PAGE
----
“Instead of enforcement in places where people get infected, they close places of employment that do not receive customers and do not have infection outbreaks. It doesn’t make sense that crowds of 10 people can gather, but businesses with up to 10 people cannot open– nobody accepts this,” he said according to the reports. The comments were seen as implicitly critical of Netanyahu and some other Likud ministers, who are said by critics to be keeping small businesses closed because it would otherwise be harder to justify the ongoing restrictions on anti-Netanyahu demonstrations.

During the meeting, Katz announced the Finance Ministry’s plan to help the self-employed and the unemployed facing financial difficulties due to coronavirus lockdown measures.

Finance Minister Israel Katz holds a press conference at the Finance Ministry in Jerusalem on July 1, 2020. (Olivier Fitoussi/Flash90)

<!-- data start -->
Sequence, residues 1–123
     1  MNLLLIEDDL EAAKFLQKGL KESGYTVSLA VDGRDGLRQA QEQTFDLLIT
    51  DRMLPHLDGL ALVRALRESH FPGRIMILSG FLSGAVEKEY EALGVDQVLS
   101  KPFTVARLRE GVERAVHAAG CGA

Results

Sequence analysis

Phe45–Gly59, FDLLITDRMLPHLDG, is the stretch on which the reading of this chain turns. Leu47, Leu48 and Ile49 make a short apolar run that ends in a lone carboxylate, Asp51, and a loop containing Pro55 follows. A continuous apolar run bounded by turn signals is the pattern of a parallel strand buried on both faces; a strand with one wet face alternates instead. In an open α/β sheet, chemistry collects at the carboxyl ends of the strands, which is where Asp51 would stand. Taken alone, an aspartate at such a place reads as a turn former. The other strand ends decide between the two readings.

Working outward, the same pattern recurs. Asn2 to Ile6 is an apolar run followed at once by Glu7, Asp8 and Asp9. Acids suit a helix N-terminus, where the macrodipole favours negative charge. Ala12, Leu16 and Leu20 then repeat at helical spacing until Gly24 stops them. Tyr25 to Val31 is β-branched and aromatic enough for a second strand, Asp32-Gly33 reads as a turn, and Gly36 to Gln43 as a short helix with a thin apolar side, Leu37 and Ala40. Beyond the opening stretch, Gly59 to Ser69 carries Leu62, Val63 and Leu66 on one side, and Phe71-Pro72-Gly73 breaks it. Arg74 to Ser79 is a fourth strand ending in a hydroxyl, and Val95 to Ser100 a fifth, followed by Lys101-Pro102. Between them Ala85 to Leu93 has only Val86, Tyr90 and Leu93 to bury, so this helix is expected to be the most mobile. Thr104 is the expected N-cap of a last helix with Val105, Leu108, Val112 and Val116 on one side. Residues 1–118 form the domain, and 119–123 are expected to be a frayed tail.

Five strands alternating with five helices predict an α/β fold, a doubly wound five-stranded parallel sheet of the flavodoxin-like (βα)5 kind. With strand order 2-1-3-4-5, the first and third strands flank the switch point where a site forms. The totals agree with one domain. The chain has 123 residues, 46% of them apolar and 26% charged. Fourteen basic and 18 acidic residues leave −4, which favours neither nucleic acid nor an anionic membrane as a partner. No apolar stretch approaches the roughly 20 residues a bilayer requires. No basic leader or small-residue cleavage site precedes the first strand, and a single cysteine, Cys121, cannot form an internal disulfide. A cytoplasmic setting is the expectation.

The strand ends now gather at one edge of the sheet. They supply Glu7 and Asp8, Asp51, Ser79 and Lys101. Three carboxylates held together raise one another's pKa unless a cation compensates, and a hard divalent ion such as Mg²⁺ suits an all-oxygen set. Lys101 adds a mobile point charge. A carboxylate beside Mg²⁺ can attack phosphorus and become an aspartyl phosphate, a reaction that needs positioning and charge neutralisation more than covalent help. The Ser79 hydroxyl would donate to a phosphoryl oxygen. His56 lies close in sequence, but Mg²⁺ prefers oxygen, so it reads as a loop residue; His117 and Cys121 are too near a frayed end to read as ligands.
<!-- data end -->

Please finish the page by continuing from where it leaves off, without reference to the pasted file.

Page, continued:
According to the plan, advances and payments will be handed out to the self-employed, and anyone who was unemployed at least 100 days this year and earned under 8,000 NIS (2,350 USD) the month before they were unemployed, will be eligible to receive a government grant.

The plan also detailed efforts to encourage people back to work by offering enlarged grants to those who begin working again, with plans to pay out the money in four installments alongside their paychecks.

Katz said that the plan was to ensure “people had something to live on” while the economy struggles to reopen, stressing that the next two months will be “very difficult.”

The Bank of Israel estimated Wednesday that each week the country remained closed without opening businesses that do not have customers will cost the economy about NIS 2.8 billion ($822 million) and will leave 400,000 people unemployed. It also estimated that around 195,000 people work at places with less than 10 workers.

On Sunday it was reported that Katz, Economy Minister Amir Peretz, and Science Minister Izhar Shai all supported reopening many businesses, as well as permitting preschools to open so that parents of small children are able to go to work, immediately after the Sukkot holiday, which ends on October 9.